Five more of President Donald Trump’s federal district court nominees are likely to be confirmed this week, putting him over the century mark for judicial appointments.

If all clear the Senate, Trump will have appointed 102 judges to the federal bench, including Neil Gorsuch and Brett Kavanaugh to the U.S. Supreme Court.

More could soon follow, as the Senate Judiciary Committee held a hearing for three more district court nominees Tuesday, all of whom are supported by their home state senators.

Trump and the Republican-led Senate have aggressively pushed to reshape the judiciary with conservatives, but Democrats have pushed back on the nominating and vetting process they say has diluted their influence.

Most nominees have been white and male. But those appearing Tuesday included one of the few black women Trump has nominated to the bench, Justice Ada E. Brown of the Texas Fifth District Court of Appeals.

Nominees up for votes this week also include two Hispanics.

Judge Rodolfo Armando Ruiz, nominated to the U.S. District Court for the Southern District of Florida, is a former White & Case associate who now serves on the Florida Eleventh Judicial Circuit.

Raul M. Arias-Marxuach, nominated to the District of Puerto Rico, is a capital member with McConnell Valdes in San Juan, whose practice includes civil and commercial litigation.

Trump has appointed and the Senate has confirmed 37 appeals court judges, 58 district judges and the two high court justices.

The Senate has accelerated its confirmation of district judges since shortening the required time between the end of debate and the beginning of a confirmation vote.

Nominees up for confirmation this week also include:

  • Alabama Solicitor General Andrew Lynn Brasher, nominated to the Middle District of Alabama;
  • Texas Deputy Solicitor General J. Campbell Barker, nominated to the Eastern District of Texas; and
  • Joshua Wolson, who was nominated to the Eastern District of Pennsylvania and is now a partner at Dilworth Paxson LLP in Philadelphia.

Alliance for Justice, a progressive organization that has opposed many Trump nominees, described Brasher and Barker as having “dangerous records” on abortion, LGBT, and voting rights, in a tweet Tuesday.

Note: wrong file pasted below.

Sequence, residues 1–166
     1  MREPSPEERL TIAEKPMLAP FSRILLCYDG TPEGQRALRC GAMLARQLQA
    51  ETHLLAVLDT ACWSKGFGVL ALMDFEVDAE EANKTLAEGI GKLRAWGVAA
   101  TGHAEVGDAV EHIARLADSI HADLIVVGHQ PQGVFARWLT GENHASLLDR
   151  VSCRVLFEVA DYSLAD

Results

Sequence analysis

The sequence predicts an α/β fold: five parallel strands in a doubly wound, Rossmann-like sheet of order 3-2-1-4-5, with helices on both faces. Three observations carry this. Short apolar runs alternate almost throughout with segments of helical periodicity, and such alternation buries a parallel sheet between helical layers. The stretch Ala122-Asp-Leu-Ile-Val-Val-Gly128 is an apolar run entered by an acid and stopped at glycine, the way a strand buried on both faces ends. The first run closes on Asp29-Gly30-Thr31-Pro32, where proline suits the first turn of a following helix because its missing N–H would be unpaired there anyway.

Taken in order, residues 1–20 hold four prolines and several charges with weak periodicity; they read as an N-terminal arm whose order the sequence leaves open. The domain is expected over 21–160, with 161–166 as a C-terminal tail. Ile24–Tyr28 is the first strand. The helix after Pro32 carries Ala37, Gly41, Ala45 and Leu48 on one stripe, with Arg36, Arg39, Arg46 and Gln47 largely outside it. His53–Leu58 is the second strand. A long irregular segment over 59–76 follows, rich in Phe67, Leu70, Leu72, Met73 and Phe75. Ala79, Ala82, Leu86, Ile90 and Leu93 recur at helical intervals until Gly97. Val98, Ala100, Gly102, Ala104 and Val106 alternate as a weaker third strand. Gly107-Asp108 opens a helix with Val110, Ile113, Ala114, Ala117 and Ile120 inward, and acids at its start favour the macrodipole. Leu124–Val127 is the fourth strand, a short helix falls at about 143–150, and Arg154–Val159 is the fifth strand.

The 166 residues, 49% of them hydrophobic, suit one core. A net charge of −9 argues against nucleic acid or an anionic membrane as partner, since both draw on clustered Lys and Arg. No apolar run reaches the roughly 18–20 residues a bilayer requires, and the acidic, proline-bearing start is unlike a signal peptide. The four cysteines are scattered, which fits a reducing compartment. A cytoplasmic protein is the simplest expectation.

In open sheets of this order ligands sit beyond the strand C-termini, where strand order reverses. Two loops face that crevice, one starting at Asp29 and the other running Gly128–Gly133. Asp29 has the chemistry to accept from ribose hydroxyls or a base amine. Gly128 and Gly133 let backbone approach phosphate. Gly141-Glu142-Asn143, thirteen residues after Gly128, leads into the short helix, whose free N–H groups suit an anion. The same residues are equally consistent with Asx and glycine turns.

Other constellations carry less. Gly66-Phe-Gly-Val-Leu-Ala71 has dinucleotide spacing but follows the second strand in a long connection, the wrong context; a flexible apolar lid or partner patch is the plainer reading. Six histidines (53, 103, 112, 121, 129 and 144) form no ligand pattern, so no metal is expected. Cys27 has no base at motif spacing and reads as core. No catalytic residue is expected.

Diversity Milestone

Meanwhile, Brown became the first black woman judicial nominee to get a hearing during the Trump administration.

The former trial court judge nominated in March to the Northern District of Texas has written over 500 opinions and presided over about 150 trials.

She’s also a former prosecutor with the Dallas County district attorney’s office, and has tried about 215 cases to verdict.

Another black woman, Magistrate Judge Stephanie Dawkins Davis, was nominated in March to the Eastern District of Michigan but has yet to get a hearing.

Brown on Brown

Sen. Richard Blumenthal, a Democrat from Connecticut, asked Brown whether the landmark civil rights decision of Brown v.Board of Education was correctly decided.

Brown declined to give her opinion about the decision, and said that Cannon 3A(6) of the Code of Conduct for U.S. Judges prevented her from doing so.

But she said that Brown allowed her to attend a racially integrated school, compared to the “poor, segregated school” that her father attended.

Blumenthal said he believed the cannon was inapplicable and that Brown could have answered the question.

Brown said she would treat Brown as controlling precedent that she would follow as a district judge, in response to a question from Sen. John Cornyn, a Republican from Texas.

District court nominees Steven D. Grimberg and Magistrate Judge David John Novak also testified at the hearing, and similarly declined to opine on Brown.

Grimberg, nominated to the Northern District of Georgia, is the general counsel and managing director of Nardello & Co., a global investigations firm.

Novak is a nominee to the same district he now serves, the Eastern District of Virginia.